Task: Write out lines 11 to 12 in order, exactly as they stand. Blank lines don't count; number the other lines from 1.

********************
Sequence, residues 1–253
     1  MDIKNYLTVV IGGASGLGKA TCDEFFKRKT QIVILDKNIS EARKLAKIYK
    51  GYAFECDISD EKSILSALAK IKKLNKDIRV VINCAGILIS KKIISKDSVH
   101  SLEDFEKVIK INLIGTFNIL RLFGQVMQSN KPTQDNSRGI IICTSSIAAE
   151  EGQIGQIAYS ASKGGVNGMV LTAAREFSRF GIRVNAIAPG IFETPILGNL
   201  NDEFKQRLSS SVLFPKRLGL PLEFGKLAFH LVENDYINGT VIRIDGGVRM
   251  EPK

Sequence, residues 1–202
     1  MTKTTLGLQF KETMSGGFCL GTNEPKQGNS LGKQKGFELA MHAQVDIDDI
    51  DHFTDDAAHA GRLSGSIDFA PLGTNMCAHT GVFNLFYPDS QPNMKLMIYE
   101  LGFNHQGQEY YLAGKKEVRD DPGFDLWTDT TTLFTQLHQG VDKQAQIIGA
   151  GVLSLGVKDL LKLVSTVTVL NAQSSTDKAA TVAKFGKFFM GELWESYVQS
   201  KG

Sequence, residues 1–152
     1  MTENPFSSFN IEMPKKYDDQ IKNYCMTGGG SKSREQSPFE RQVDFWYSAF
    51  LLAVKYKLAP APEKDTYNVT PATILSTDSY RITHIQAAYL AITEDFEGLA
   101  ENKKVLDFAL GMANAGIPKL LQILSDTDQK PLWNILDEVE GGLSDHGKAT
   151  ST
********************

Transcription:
   101  LGFNHQGQEY YLAGKKEVRD DPGFDLWTDT TTLFTQLHQG VDKQAQIIGA
   151  GVLSLGVKDL LKLVSTVTVL NAQSSTDKAA TVAKFGKFFM GELWESYVQS